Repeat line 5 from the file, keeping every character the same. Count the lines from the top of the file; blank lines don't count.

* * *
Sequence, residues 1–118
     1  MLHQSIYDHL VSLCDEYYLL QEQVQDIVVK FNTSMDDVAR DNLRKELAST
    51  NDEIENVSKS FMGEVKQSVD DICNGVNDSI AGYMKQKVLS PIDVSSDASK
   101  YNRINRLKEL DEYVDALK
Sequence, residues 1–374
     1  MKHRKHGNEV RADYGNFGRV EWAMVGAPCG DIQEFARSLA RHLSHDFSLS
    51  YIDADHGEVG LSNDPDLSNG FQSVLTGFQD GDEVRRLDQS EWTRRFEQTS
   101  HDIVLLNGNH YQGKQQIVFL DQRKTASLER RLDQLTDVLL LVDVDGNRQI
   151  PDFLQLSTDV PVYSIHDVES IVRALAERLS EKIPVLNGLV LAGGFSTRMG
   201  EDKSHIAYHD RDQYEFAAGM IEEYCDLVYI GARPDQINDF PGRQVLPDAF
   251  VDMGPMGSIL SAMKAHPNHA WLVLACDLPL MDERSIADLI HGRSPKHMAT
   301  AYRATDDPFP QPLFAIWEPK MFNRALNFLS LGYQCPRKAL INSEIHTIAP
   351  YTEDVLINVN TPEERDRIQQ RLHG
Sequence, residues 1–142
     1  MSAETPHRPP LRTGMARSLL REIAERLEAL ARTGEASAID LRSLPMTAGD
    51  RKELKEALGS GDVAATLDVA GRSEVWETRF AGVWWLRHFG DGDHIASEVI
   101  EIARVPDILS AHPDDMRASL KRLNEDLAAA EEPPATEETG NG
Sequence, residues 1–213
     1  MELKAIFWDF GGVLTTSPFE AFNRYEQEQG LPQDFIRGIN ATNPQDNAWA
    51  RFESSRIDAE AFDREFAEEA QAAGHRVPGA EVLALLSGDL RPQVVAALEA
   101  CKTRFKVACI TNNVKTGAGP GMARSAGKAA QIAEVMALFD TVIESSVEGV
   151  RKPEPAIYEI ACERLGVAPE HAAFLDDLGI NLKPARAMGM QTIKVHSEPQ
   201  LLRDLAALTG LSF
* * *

Sequence, residues 1–374